Republicans Override Governor’s Veto, Repeal Pistol Permit Requirement
North Carolina lawmakers voted Wednesday to override Gov. Roy Cooper’s veto of Senate Bill 41, enacting a law that will repeal the state’s current permit requirements for purchasing a handgun.
Following a successful override vote along party lines in the N.C. Senate on Tuesday evening, the N.C. House on Wednesday morning saw the vote split 71-46, also along party lines. While Republicans would usually need 72 votes to override a veto — one more than the 71 Republicans currently seated — the absence of three Democrats for Wednesday’s vote meant Republicans could reach their goal with no help from the other side of the aisle.
The absent N.C. House Democrats cited scheduled medical treatment (Rep. Tricia Cotham – District 112, Mecklenburg), family emergency (Rep. Michael Wray – District 25, Gaston), and medical emergency (Rep. Cecil Brockman – District 60, Guilford) for their failure to vote on Wednesday.
Cotham has been open about her ongoing struggle with and treatment for long-COVID since early in 2022. She told WSOC’s Joe Bruno on Wednesday that she had informed members of both parties she would not be present on Wednesday and insisted she stands against repealing pistol permits.
In the lead-up to Tuesday’s Senate vote, new North Carolina Democratic Party Chair Anderson Clayton released a statement pointing out the disturbing timeline, as the first override vote was set to take place just a day after a school shooter took the lives of three children and three adults in Nashville, Tennessee before being killed by police.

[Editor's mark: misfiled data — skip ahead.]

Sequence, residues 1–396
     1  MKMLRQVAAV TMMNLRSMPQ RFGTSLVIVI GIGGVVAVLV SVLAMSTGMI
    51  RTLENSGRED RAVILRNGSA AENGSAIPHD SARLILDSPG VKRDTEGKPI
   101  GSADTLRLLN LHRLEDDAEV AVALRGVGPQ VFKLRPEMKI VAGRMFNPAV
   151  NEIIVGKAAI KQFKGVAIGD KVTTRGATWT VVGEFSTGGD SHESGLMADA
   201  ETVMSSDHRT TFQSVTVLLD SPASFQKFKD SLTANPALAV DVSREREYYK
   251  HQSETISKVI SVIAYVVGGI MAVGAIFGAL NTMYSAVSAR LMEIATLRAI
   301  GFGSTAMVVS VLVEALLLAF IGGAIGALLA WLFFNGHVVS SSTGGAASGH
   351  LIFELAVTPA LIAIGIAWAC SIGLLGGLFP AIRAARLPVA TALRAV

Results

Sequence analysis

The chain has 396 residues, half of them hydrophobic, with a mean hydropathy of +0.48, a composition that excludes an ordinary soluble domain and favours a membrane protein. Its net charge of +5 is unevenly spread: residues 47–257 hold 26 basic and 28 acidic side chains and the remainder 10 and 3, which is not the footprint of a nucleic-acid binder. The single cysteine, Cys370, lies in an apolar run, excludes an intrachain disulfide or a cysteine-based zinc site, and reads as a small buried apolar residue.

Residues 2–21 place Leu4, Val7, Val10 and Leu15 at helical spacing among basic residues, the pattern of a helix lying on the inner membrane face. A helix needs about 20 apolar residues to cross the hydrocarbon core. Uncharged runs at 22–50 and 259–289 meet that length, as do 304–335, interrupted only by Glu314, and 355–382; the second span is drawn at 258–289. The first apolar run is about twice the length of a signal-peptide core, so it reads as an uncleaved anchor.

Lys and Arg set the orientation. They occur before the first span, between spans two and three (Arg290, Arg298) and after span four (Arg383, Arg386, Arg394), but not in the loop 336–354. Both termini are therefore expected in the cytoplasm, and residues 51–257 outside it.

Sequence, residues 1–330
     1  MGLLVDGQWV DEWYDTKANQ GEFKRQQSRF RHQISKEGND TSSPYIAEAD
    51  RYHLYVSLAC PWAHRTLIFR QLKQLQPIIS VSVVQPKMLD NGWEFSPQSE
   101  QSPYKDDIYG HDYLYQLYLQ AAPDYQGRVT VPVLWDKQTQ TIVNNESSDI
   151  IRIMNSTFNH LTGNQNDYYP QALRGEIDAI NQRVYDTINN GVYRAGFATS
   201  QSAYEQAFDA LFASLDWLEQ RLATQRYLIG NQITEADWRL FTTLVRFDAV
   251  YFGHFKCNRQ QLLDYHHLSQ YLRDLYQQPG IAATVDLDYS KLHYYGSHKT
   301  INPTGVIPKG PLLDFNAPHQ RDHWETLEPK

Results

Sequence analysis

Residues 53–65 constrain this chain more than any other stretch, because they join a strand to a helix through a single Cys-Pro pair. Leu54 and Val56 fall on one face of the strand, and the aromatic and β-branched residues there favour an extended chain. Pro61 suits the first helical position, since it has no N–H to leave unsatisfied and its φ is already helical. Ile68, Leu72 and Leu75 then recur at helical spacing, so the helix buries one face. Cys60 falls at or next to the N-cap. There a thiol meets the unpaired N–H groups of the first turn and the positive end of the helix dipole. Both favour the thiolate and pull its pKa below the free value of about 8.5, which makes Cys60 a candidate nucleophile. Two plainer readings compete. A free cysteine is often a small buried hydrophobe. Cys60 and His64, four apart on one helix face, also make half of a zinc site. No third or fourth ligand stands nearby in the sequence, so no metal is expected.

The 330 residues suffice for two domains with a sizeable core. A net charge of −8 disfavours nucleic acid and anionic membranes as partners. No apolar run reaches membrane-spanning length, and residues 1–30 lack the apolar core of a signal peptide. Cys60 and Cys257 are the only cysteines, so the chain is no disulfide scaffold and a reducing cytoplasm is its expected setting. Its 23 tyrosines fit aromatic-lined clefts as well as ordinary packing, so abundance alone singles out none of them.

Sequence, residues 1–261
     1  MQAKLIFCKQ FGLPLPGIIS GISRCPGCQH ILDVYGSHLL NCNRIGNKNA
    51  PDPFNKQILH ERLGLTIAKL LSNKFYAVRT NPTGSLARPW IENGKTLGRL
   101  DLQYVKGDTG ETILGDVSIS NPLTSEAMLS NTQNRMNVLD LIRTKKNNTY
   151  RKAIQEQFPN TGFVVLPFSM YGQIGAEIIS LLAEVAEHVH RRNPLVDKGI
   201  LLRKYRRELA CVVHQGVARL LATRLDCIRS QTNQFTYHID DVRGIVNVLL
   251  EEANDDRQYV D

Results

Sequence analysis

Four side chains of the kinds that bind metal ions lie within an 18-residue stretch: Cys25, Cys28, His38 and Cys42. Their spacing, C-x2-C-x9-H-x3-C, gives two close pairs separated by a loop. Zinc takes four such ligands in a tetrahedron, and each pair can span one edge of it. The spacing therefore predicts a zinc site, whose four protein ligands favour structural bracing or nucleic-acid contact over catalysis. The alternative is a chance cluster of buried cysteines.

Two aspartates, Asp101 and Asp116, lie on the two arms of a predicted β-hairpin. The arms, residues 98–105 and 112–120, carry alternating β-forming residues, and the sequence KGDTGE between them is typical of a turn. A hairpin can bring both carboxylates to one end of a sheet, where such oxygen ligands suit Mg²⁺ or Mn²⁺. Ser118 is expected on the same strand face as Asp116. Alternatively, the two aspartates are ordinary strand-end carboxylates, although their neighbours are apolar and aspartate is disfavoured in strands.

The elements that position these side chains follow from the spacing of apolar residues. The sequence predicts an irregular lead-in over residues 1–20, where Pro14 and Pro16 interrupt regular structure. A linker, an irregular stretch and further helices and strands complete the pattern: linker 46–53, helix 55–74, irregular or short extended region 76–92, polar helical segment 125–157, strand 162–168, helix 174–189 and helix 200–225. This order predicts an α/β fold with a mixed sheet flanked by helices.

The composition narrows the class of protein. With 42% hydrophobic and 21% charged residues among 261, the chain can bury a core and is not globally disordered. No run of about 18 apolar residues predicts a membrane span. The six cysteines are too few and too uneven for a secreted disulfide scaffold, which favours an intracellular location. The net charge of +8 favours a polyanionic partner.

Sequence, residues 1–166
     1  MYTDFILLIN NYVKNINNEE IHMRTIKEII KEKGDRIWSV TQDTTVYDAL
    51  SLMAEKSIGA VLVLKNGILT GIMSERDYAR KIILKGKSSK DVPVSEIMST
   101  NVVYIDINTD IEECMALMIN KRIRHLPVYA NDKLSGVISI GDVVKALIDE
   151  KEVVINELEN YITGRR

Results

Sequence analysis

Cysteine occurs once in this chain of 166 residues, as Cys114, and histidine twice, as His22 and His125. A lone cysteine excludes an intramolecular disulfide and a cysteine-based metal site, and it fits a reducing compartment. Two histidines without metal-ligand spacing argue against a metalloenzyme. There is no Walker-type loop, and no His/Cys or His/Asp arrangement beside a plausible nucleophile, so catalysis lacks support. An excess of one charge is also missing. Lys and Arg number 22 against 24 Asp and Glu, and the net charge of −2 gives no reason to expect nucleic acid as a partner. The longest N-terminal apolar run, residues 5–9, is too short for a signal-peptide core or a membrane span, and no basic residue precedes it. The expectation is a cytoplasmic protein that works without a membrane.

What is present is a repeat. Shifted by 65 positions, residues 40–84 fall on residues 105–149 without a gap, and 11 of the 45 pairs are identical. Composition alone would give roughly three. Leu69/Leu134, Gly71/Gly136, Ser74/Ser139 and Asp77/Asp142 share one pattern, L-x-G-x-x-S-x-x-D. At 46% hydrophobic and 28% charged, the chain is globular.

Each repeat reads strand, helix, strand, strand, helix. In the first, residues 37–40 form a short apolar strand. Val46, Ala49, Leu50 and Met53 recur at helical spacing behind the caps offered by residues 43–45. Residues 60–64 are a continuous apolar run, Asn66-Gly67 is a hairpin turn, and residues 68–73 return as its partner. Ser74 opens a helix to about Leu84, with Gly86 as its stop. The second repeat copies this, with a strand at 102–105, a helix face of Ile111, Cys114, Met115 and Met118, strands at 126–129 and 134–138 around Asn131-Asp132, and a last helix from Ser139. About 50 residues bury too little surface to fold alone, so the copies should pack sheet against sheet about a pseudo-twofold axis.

“After more children were murdered at school yesterday, legislative Republicans want to eliminate law enforcement background checks that allow Sheriffs to keep violent domestic abusers and dangerous mentally ill people from buying handguns,” Clayton wrote.
“People just want to live and raise their kids safely. Republican legislators cracking down on existing law enforcement background checks instead of potential school shooters puts all of our families at risk.”
In February, racial justice advocates joined gun safety leaders, gun owners, survivors of gun violence, community leaders, and others in Raleigh to urge lawmakers to reject the repeal of the Pistol Purchase Permitting system, stating that these bills would take away the ability of North Carolina sheriffs to conduct comprehensive background checks on all handgun sales, making it easier for people with dangerous histories to purchase firearms.
A release from North Carolinians Against Gun Violence read, “Taking authority out of the hands of our local sheriffs makes no sense. They are our law enforcement and most likely to be able to identify people in the community who are a danger to others and themselves and should not have a gun … Repealing our permitting system will mean that a domestic violence abuser, minor, a felon or someone experiencing a mental health crisis can go to a gun show or online and buy a handgun no questions asked.”
The release pointed out that, after Missouri repealed its handgun purchaser licensing law in 2007, the state’s firearm homicide rate increased 47% from 2008–2016 and their firearm suicide rate increased 24% from 2008–2017, compared to the rate expected had they not repealed their law.
“We cannot afford to be like Missouri,” February’s release read.
Wednesday’s vote was the first override of a governor’s veto since 2018 and came just five days after Gov. Cooper’s Friday veto.
Following the vote, Cooper took to Twitter to accuse Republicans of silencing opposition, as House Majority Leader Tim Moore had earlier in the day insisted that opposing Democrats could not speak against the bill because debate had already occurred before the original vote.
“Without any debate allowed by GOP leadership because the arguments were too compelling for them to hear, the House voted to override my veto and eliminate strong background checks for handguns in NC,” Cooper wrote. “Allowing known domestic abusers and mentally ill people to buy handguns puts communities at risk.”
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